Actor Michael Phillip Edwards figured the greatest thing he would do this summer would be getting himself to Scotland to perform his one-man show in Edinburghs massive and renowned Festival Fringe. Edwards show, Runt, had a slot there and the backing of a producer here, but the actor had to scrape together funds on which to live for six weeks once he landed in the U.K. Not only did Edwards wind up getting by, he thrived in the way he least imagined: Runt won a coveted Fringe First award -- one of only six plays in 2,400 to do so -- and was the first solo show by a black artist to achieve that distinction. Now Edwards and his producer, Michael Blaha, are fielding offers to do the show in Chicago at Steppenwolf Theater, in New York at off-Broadways Mosaic Theater, in Australia at the Adelaide Fringe Festival, and the BBC is interested in developing a radio version. Not bad for an absorbing autobiographical show in which Edwards casts himself not as a top dog, like his driven and imperious father, but as a runt who doubts first and eats last.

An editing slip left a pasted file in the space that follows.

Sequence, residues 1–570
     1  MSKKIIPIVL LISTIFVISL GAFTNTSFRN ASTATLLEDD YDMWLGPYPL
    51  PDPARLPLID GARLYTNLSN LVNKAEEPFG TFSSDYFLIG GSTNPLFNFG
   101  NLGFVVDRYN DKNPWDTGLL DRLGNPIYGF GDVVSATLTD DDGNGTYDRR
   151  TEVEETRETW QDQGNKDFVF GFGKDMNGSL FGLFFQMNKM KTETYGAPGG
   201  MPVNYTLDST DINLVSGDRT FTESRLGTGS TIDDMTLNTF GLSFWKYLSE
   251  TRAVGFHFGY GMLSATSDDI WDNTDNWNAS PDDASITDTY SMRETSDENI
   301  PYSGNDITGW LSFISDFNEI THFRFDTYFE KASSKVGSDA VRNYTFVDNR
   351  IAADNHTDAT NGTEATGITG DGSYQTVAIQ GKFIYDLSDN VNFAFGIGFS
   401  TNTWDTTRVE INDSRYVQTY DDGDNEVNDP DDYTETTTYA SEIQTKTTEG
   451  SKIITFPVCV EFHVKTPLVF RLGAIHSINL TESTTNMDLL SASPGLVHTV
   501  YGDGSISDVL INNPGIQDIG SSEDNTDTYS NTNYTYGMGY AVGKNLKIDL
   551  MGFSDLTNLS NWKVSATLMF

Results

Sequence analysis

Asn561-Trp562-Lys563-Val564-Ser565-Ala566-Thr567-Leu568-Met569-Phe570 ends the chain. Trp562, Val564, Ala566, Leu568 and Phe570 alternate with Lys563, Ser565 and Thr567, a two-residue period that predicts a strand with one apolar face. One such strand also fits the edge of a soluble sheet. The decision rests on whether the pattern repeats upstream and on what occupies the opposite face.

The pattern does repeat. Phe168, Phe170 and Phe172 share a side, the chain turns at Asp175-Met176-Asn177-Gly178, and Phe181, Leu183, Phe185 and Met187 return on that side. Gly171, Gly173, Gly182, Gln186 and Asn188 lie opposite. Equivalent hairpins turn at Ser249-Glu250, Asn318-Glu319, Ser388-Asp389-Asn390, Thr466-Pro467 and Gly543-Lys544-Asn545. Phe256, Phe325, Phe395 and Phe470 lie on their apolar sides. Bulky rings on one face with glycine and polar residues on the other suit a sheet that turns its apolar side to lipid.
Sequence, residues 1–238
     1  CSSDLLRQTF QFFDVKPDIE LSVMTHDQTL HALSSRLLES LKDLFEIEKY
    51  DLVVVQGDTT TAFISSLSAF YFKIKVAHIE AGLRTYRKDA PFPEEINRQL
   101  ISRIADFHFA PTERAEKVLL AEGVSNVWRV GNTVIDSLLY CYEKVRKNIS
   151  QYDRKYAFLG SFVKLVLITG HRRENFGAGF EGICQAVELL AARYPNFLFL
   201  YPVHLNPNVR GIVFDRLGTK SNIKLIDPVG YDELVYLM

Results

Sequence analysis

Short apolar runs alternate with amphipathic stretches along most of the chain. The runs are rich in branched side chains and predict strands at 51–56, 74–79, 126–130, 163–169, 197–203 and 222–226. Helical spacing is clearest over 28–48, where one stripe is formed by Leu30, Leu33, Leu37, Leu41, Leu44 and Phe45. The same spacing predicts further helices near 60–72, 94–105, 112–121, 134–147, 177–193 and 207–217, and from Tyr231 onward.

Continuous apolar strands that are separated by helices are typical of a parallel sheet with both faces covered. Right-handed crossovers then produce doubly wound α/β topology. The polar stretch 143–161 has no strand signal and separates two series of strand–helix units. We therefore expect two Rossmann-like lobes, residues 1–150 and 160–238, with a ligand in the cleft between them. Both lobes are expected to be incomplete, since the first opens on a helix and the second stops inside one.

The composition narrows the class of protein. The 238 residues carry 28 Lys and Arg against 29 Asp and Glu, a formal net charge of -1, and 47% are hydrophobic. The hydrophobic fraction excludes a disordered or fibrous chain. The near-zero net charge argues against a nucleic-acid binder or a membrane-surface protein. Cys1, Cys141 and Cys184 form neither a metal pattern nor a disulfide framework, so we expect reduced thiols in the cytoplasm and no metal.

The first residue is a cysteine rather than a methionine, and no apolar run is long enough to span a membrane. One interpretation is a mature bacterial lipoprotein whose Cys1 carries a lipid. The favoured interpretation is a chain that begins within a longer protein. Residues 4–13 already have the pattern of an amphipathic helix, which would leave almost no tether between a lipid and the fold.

But what I realized in Edinburgh is that this is about a heros journey, says the 34-year-old actor, who is originally from Jamaica and performed Runt in bits and pieces in theaters around Los Angeles as he worked up the full-length version. The hero sets out, he goes through trials, he emerges. In the end, its about how not to wallow in your own mud.
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Critics responded enthusiastically to Runts universal themes of love and antiheroism. The Scotsman called it a powerfully written play, matched by a mightily sustained performance. Another reviewer dubbed it poetry without doubt. Yet for all the crowds Runt has attracted, Actually, says Edwards, I would do this play in an empty room.